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F-35B stealth fighters head to Japan for first overseas mission

By SETH ROBSON | STARS AND STRIPES Published: January 11, 2017

A squadron of F-35B Lightning II fighters is headed for Japan to begin the jet’s first overseas mission in the Pacific.

The stealth aircraft from Marine Fighter Attack Squadron (VMFA) 121 departed Marine Corps Air Station Yuma, Ariz., Monday bound for Marine Corps Air Station Iwakuni, a Marines Corps statement said Tuesday.

“The transition of VMFA-121 from MCAS Yuma to MCAS Iwakuni marks a significant milestone in the F-35B program as the Marine Corps continues to lead the way in the advancement of stealth fighter attack aircraft,” the statement said.

The jets had not arrived at Iwakuni as of Wednesday morning Japan time, said the base’s public affairs office, which did not provide information on when they would touch down.

Marines fly a “short take-off vertical landing” version of the plane, which is designed to replace F/A-18 Hornet, AV-8B Harrier and EA-6B Prowler jets.

In November 2012, VMFA-121, which had flown F/A-18 Hornets, became the Marines’ first operational F-35 squadron. Since then, it has taken part in numerous drills in the U.S. and was declared combat-ready in July 2015, the statement said.

The aircraft is controversial for cost over-runs but won’t spark the safety concerns that the MV-22 Osprey tilt-rotor aircraft aroused when it arrived in Japan in 2012, said Carl Baker, a defense expert at the Pacific Forum in Hawaii.

“The F-35 will attract a lot of cameras along the fence when it shows up, but it won’t cause safety concerns in the community [like the Osprey has],” he said.

Deploying the F-35B to Iwakuni is the first phase of a plan that will boost America’s military strength in the Western Pacific, Baker said.

The amphibious-assault ship USS Wasp — slated to replace the USS Bonhomme Richard at Sasebo, Japan, this year — “was recently modernized to accommodate the Marine Corps variant of the Joint Strike Fighter (F-35B), which is capable of Short Take-off Vertical Landing (STOVL), enabling it to operate out of a wide range of bases, both afloat and ashore,” a Navy statement said.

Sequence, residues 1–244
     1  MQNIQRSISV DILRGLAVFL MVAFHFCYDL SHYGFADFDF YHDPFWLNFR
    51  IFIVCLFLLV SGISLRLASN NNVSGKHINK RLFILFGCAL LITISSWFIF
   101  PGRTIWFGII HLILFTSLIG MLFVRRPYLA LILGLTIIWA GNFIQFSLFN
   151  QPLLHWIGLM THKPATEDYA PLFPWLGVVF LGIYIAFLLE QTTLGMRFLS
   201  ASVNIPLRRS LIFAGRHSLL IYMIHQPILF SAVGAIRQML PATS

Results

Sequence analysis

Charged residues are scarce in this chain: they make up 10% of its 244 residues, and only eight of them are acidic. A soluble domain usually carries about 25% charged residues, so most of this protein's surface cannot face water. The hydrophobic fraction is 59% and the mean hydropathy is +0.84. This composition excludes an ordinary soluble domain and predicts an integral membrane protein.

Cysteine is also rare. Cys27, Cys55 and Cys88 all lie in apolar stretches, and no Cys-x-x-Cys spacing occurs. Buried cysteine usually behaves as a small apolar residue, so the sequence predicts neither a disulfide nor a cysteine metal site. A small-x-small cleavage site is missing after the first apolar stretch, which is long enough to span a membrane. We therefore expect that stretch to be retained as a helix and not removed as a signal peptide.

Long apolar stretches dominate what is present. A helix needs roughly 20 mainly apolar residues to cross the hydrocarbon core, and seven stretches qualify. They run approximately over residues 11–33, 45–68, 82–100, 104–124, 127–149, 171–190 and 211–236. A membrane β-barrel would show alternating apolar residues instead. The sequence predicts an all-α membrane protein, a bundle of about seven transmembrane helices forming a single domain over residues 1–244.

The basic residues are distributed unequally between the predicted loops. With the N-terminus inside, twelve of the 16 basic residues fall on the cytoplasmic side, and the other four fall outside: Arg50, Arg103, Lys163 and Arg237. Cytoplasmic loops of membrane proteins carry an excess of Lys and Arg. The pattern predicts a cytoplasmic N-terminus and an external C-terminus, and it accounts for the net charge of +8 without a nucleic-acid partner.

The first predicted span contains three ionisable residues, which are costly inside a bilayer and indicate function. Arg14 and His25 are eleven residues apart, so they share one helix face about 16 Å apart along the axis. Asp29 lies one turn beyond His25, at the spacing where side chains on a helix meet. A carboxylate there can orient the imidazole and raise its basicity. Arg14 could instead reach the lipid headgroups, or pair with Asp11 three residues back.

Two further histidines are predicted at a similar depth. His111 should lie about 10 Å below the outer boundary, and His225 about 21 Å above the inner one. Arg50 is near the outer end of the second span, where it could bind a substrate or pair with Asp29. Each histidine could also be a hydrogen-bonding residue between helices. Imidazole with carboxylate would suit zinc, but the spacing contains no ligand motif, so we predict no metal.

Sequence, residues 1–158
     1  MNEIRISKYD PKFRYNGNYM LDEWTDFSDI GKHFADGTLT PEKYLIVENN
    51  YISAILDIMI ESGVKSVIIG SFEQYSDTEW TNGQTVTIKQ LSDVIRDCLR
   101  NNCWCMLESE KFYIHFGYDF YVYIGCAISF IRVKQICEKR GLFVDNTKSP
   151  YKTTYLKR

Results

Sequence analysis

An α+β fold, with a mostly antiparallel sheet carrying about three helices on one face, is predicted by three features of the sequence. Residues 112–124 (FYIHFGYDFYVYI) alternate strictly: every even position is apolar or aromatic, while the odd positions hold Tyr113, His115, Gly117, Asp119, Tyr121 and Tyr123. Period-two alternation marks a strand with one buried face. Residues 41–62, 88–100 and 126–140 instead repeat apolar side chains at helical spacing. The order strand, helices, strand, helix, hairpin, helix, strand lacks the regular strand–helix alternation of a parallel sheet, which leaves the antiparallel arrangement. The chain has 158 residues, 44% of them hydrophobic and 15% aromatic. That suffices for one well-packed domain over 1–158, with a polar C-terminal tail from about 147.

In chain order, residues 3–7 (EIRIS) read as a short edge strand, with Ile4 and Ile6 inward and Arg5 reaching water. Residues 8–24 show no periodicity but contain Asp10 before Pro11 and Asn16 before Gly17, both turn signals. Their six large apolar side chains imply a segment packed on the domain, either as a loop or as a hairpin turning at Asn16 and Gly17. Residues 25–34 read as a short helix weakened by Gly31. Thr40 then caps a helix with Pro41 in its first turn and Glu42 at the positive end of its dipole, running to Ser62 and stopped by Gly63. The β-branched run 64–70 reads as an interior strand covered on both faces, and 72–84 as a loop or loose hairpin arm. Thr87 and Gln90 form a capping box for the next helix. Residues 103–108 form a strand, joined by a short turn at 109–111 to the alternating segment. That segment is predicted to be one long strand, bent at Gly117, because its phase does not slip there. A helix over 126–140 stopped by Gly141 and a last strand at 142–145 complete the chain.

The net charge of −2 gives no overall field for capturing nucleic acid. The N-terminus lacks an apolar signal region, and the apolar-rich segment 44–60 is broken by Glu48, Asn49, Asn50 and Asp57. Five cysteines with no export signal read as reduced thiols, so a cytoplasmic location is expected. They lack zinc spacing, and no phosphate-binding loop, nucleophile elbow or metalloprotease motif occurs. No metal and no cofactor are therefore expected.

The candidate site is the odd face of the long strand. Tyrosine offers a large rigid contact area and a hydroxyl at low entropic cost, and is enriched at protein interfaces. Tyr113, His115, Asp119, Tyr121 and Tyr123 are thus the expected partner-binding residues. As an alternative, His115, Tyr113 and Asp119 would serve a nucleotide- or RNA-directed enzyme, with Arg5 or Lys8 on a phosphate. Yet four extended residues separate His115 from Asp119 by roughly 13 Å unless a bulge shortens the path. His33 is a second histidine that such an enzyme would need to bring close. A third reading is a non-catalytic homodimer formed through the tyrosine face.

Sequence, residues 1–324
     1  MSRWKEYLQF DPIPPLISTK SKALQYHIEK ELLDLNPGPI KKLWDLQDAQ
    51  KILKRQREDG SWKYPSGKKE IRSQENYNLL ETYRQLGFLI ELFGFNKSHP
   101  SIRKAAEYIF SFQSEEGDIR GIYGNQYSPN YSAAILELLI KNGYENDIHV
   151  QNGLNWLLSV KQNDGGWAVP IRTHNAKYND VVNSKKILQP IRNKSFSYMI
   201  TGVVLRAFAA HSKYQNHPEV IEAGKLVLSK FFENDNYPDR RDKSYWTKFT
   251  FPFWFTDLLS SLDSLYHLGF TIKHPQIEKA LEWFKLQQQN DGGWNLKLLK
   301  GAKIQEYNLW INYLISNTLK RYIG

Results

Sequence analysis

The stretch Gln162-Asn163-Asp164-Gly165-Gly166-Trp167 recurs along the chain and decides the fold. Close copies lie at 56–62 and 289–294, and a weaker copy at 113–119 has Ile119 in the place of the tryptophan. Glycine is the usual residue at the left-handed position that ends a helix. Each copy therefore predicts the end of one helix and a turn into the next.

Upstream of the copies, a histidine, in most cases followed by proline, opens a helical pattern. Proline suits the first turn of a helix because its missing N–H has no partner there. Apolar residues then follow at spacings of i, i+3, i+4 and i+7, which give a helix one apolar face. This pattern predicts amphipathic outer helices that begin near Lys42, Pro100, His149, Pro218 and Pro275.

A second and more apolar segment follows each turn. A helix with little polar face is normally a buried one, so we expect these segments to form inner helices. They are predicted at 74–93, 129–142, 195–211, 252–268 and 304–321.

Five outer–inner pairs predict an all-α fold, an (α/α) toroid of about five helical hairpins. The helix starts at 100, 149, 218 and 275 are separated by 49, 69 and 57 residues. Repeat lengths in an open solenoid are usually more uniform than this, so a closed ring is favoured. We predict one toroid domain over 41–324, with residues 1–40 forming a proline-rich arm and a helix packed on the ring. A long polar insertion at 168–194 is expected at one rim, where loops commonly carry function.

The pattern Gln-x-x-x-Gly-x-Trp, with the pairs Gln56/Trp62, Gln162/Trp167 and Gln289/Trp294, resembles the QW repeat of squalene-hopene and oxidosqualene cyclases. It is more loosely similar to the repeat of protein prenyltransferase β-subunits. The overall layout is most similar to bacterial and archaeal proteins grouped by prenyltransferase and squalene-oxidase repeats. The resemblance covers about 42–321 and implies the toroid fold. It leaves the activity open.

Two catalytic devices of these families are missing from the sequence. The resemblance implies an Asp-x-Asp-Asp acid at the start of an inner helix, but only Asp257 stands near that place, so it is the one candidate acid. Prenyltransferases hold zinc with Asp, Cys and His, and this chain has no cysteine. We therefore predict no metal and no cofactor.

The first 10 F-35Bs that are headed to Japan will be joined by six more over the summer, Gen. Michael Rocco, 3rd Marine Aircraft Wing commander, told USNI News last May. He said the Wasp would be ready to take on the jets.

In October, a contingent of Marine Corps F-35Bs, pilots and maintainers participated in drills from the USS America, the Navy’s newest and largest amphibious ship, this week’s Marine Corps statement said.

“The final test period ensured the plane could operate in the most extreme at-sea conditions, with a range of weapons loadouts and with the newest software variant. Data and lessons learned laid the groundwork for developing the concepts of operations for F-35B deployments aboard U.S. Navy amphibious carriers, the first two of which will take place in 2018,” the statement said.

The addition of the Wasp and the F-35Bs will enhance America’s amphibious warfare capability in the region, although the warship carries fewer jets than a full-sized carrier, Baker said.

“It reassures Japan of the U.S. capability to help them defend their islands. It is geared toward the Senkakus,” he said, referring to a group of Japanese-controlled islands near Taiwan that China also claims.

robson.seth@stripes.com
Twitter: @SethRobson1

An F-35B lightning II with Marine Fighter Attack Squadron 121 prepares to take off from Marine Corps Air Station Yuma, Ariz., Jan. 9, 2017, en route to Marine Corps Air Station Iwakuni, Japan.
JAKE MCCLUNG/U.S. MARINE CORPS

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